About Damn Time

In what can only be described as his best idea ever, Stroger has agreed to give administration of the Cook County Juvenile Detention Center over to the Juvenile Court. My office was talking about the measure all day, and most of my colleagues thought it was a positive move. The Detention Center needs to be more than a warehouse for kids or a patronage bank. However, this does have some interesting implications for the court, and as usual it boils down to who is going to pay for it.

Approximately one month ago, we had a meeting about the impending budget crunch and what it means for probation. We were told to expect more problems if the administration of the detention center was transfered to the the Court. Probation staff may have an increased role in the Detention Center’s day-to-day happenings. It is also possible that some of the Detention Center staff will become Probation Officers, which could mean an increase in their salary. Both of these scenarios require that budgets be increased, not cut. This is money that needs to be spent.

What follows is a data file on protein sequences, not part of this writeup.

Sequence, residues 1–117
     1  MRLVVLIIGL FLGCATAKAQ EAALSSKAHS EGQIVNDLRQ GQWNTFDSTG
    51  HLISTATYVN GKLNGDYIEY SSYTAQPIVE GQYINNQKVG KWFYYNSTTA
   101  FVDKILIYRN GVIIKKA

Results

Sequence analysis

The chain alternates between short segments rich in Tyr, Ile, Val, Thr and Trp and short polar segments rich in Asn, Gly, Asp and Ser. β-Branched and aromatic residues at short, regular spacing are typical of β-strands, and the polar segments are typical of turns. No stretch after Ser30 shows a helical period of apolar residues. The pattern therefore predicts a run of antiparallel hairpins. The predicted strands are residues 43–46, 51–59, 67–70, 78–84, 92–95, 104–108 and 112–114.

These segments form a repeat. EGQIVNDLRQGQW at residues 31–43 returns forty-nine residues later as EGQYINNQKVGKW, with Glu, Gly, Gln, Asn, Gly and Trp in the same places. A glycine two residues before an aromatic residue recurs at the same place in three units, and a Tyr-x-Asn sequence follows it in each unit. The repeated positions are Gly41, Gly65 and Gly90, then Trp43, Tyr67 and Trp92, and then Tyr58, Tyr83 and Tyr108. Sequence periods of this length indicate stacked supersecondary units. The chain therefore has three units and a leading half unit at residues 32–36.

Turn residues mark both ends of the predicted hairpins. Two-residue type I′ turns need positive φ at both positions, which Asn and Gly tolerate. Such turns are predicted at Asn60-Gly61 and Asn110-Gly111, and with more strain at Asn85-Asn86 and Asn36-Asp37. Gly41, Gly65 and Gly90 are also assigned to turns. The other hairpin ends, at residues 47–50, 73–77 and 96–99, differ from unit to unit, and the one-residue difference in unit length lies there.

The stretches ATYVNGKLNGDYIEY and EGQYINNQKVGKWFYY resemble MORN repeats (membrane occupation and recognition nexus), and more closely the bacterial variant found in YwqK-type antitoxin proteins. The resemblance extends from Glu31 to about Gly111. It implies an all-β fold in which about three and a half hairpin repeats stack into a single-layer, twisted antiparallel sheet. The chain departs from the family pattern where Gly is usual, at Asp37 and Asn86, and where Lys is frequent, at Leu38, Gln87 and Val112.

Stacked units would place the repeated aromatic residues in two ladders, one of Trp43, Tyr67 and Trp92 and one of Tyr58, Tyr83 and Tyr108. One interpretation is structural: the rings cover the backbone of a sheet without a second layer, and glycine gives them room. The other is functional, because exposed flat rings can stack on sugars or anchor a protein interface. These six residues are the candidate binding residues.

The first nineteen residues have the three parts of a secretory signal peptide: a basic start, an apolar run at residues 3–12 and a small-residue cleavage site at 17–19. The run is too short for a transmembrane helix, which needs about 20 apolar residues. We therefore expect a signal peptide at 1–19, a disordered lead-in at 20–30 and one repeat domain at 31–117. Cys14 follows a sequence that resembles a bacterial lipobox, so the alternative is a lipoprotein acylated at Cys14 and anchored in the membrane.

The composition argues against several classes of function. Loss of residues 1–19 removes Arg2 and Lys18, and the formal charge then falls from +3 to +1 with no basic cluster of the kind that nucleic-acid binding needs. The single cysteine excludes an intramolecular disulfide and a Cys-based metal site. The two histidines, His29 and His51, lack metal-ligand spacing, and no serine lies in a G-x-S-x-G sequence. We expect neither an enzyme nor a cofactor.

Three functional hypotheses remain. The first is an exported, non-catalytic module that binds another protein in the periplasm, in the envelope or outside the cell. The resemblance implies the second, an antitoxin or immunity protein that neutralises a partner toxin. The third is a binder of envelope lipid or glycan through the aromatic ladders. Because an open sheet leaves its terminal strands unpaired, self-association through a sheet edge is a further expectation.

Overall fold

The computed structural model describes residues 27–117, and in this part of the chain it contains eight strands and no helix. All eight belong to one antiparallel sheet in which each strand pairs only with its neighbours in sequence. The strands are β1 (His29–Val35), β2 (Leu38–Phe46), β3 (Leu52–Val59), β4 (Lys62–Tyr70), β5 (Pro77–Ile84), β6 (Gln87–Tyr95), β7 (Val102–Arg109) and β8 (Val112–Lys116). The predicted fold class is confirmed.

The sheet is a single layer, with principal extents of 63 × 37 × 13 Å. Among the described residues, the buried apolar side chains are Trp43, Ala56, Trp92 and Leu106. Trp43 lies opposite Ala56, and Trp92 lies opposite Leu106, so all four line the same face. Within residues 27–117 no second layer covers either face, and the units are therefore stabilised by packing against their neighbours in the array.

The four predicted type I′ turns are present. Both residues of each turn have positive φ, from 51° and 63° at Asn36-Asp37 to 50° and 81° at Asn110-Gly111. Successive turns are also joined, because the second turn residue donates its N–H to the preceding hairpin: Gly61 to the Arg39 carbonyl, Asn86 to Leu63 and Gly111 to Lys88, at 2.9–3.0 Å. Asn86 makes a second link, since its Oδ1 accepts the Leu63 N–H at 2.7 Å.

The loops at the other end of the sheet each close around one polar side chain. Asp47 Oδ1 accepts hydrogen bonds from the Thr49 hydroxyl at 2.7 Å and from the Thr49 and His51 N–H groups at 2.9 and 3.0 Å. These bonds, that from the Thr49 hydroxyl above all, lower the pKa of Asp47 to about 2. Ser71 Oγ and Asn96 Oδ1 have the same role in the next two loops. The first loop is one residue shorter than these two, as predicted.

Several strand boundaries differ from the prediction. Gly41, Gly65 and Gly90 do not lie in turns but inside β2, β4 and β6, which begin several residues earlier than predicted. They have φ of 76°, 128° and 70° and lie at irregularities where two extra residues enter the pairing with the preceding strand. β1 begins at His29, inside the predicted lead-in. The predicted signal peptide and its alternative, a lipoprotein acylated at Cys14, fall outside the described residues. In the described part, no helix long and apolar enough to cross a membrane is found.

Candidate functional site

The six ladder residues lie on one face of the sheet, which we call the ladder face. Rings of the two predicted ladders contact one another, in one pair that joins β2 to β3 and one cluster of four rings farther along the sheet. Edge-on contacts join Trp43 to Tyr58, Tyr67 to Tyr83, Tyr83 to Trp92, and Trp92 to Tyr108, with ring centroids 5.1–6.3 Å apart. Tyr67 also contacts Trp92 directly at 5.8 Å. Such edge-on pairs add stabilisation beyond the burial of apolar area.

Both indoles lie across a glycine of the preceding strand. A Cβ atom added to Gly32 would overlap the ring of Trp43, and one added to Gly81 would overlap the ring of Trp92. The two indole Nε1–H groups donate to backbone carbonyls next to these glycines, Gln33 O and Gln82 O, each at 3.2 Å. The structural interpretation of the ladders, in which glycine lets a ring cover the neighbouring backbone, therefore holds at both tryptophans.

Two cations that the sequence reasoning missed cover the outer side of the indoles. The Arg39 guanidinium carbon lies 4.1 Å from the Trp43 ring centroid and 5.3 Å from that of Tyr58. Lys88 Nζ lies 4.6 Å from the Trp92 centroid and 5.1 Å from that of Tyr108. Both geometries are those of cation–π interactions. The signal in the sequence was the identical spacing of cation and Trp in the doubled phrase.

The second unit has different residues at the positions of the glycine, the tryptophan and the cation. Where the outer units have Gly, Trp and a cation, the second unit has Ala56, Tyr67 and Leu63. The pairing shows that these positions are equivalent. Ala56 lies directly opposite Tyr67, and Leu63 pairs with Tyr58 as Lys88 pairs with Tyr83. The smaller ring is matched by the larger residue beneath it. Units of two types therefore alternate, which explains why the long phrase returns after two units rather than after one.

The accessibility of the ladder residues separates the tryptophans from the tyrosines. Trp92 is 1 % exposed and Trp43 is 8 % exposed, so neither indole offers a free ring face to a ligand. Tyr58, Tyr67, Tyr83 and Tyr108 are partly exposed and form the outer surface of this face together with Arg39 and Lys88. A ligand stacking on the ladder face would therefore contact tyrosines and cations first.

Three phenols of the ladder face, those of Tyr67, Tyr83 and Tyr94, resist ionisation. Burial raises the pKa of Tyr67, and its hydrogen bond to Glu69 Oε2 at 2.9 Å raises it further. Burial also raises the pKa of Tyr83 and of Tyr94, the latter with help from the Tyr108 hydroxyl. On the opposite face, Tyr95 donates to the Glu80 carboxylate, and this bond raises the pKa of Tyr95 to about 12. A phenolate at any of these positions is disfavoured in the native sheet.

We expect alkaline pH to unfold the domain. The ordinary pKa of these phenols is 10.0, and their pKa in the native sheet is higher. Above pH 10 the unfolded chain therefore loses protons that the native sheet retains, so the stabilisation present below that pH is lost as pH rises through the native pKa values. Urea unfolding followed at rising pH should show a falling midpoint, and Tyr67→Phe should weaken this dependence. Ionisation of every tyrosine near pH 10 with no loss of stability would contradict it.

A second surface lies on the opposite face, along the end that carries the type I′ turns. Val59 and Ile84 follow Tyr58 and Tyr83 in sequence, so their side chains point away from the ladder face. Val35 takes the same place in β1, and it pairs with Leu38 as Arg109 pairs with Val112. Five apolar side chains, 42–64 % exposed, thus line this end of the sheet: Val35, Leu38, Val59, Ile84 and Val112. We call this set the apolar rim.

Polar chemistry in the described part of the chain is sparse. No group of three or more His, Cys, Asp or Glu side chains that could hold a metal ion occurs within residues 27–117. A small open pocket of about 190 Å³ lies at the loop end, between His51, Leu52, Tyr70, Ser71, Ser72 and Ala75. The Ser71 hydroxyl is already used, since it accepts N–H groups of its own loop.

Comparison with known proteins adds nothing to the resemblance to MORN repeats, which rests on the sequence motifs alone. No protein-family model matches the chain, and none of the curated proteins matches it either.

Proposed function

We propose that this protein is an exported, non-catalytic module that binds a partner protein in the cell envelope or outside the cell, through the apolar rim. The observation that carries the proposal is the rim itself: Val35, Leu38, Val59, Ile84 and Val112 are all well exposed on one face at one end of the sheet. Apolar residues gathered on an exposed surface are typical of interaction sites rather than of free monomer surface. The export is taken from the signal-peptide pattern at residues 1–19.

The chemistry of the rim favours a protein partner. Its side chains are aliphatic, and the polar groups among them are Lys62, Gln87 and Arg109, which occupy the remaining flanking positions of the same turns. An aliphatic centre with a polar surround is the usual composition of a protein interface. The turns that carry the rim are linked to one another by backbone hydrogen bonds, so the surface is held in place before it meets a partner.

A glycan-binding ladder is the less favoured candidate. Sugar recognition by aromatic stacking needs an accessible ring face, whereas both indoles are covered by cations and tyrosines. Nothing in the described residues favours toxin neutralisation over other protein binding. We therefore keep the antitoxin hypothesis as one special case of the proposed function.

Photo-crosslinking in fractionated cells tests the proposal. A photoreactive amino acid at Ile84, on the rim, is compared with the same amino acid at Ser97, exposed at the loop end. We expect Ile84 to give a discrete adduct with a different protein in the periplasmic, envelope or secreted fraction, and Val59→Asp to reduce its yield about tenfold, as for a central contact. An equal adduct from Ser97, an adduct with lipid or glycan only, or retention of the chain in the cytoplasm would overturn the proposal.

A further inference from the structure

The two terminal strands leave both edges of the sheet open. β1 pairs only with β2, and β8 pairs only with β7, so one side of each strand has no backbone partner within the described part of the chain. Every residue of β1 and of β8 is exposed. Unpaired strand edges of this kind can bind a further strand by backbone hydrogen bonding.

Kids that are held in detention fall behind in school, have a more difficult time adjusting to returning to the community and are more likely to recidivate. In other words, when we lock up kids, we lose them to the street. Therefore, it is in the County’s best interest to improve the Detention center so that a child’s time in detention is more therapeutic than punitive and more restorative than restrictive. While it may “cost” more in terms of budgets, this reform is the right thing to do. Done correctly, this reform can save money in other areas.

Having the Juvenile court administer the detention is the first step in positive reform but it is only a first step. Other steps are going to cost money. It’s a sad but it seems as if the commissioners only understand short-term budgetary ramifications. Reform isn’t short term and it isn’t going to pay for itself. However, by allowing probation to fufill its mission of helping to empower and reform at risk youth, the money spent on reform will pay off as more children get off the streets.

Sorry this is a few days late. I’m not in Chicago at the moment.

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